Here’s a tip: you can use your keywords as the basis for your topics and make your article more targeted. You won’t have a problem inserting your keywords if your topics are written around them. The article doesn’t have to be about the keyword, but it can be closely related.
Write effective titles
People who are just starting out in SEO and online marketing often ask whether a blog post’s title is a ranking factor. The answer is yes. It is a ranking factor. The meta description, however, is not. What the meta description intends to accomplish is to increase your click-through rates (CTR). A good title is both a ranking help and a click-through magnet.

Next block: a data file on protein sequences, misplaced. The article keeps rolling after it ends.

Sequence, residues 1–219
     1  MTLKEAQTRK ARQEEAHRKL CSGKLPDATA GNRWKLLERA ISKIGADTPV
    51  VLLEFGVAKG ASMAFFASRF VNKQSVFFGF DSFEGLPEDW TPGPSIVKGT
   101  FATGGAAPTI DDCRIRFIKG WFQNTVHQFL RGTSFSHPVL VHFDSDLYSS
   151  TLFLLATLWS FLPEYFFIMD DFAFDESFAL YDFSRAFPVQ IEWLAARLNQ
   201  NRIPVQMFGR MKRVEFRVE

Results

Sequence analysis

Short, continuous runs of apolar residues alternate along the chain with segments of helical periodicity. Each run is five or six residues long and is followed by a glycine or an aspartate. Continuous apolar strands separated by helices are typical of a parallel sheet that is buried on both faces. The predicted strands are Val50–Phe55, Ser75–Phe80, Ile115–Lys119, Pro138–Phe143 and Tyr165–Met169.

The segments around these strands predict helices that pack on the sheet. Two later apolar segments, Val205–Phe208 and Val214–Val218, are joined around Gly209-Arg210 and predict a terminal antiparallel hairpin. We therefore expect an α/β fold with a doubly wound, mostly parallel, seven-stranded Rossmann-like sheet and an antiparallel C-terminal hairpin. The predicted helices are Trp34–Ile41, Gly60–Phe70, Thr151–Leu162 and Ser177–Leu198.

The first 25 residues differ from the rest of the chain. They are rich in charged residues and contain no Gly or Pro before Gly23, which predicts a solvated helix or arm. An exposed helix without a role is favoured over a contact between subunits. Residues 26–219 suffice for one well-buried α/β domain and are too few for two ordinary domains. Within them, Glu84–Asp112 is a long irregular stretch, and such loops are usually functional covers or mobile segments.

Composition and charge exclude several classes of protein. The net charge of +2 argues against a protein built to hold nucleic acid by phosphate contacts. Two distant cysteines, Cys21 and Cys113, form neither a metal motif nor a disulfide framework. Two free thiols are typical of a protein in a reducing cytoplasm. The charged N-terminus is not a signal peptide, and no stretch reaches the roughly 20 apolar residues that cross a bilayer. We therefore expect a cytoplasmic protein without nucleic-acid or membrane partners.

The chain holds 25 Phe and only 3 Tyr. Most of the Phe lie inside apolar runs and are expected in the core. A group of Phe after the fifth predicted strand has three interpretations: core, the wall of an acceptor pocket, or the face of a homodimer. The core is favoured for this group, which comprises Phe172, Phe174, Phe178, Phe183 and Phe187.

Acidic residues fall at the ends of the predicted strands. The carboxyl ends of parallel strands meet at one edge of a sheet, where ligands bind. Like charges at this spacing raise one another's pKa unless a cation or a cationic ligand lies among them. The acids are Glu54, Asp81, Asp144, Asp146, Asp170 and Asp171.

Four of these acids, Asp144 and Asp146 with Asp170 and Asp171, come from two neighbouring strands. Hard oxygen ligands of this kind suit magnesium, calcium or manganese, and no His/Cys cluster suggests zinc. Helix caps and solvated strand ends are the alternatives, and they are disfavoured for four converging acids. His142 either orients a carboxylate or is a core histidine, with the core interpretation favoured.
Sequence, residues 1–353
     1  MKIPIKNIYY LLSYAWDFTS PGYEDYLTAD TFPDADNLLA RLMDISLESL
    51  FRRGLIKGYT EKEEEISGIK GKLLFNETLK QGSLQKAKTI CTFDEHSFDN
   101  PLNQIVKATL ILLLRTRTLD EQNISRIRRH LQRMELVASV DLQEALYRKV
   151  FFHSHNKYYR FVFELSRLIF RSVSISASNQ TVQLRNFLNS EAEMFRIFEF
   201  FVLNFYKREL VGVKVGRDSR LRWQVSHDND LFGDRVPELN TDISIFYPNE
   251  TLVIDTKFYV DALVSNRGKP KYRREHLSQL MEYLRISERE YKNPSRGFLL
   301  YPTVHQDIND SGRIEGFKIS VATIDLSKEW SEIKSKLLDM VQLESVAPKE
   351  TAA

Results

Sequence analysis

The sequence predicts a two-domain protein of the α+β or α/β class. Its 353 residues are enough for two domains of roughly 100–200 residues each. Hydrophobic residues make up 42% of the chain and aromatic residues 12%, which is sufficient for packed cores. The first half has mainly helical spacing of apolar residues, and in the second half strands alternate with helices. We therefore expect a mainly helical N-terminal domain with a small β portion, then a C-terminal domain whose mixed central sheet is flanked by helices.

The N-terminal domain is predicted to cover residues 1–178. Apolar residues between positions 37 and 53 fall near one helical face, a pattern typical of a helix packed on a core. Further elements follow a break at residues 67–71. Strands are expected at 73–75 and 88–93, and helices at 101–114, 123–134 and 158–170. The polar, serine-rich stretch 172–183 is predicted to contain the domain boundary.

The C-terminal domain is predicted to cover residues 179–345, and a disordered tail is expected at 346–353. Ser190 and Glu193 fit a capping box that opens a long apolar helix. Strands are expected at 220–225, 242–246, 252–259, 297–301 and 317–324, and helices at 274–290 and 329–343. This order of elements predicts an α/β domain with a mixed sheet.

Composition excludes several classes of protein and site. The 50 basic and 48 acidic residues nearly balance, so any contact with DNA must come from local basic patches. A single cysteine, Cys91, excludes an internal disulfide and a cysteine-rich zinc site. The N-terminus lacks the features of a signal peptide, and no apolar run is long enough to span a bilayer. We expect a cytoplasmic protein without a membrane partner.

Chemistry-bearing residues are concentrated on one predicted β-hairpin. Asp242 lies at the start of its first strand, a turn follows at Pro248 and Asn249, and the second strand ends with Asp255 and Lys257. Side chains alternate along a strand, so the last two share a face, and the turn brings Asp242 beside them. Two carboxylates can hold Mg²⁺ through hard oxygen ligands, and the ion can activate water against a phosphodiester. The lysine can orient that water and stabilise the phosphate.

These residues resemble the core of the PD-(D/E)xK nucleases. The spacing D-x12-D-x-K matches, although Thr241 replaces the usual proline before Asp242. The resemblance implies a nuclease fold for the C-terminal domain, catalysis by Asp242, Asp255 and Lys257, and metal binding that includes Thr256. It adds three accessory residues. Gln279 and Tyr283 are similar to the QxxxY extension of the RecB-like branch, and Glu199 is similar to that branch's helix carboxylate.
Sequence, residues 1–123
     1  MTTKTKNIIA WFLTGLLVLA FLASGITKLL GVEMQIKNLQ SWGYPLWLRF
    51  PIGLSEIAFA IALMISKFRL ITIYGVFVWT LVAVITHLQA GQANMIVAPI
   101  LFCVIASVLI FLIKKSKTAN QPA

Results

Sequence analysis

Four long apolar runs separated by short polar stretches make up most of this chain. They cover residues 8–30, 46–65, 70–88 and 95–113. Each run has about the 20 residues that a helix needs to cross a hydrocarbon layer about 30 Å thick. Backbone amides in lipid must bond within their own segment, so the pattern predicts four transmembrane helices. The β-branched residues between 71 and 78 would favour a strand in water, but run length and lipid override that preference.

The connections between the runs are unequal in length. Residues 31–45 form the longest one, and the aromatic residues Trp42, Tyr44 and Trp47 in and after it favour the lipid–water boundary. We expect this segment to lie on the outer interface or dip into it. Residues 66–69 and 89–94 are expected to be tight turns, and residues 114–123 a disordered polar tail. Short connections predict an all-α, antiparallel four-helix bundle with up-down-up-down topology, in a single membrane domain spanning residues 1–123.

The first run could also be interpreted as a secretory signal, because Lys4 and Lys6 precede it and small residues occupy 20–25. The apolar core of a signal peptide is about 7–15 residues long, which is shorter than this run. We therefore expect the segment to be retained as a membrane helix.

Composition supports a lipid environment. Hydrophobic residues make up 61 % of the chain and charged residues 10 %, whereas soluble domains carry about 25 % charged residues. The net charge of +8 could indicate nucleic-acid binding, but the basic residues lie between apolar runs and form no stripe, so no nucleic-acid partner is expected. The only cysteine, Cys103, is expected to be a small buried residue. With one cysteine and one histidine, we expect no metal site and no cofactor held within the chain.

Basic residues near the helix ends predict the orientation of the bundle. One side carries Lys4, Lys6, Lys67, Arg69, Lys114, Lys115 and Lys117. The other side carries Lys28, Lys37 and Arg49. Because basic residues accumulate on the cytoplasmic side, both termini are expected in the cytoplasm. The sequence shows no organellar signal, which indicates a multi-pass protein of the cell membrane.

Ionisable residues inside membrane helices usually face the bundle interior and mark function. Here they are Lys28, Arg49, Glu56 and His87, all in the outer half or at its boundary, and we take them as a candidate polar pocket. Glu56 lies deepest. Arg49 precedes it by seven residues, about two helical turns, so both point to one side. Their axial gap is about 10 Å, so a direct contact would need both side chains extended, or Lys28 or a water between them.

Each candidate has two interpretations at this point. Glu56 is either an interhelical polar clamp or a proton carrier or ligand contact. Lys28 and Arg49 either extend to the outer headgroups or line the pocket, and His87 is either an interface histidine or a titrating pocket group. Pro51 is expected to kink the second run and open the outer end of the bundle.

Here is a short list of hacks for writing your titles and making your posts extra-attractive to your audience.
- Make it about experience or expertise. It can either be your own experience or expertise, or someone recognizable. Examples: “What Kevin Durant’s Move Means for the OKC Thunder”; “What I Think about a Clinton Presidency”; “How I Convinced 10 Investors to Give Me Money”; “What Zuckerberg’s Next Logical Step Should Be”.
- Make it about your own opinion. This works particularly well when you have a fair amount of success and authority in the field you’re in. Examples: “Why Green Cars aren’t Green”; “7 Myths About Smoking You Shouldn’t Believe”; “What You Probably Don’t Know about Parenting”.